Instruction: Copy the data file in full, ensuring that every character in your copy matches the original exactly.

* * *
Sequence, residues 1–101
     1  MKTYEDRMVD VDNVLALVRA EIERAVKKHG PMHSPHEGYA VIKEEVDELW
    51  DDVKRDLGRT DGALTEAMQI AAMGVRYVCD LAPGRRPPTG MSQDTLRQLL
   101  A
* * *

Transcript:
Sequence, residues 1–101
     1  MKTYEDRMVD VDNVLALVRA EIERAVKKHG PMHSPHEGYA VIKEEVDELW
    51  DDVKRDLGRT DGALTEAMQI AAMGVRYVCD LAPGRRPPTG MSQDTLRQLL
   101  A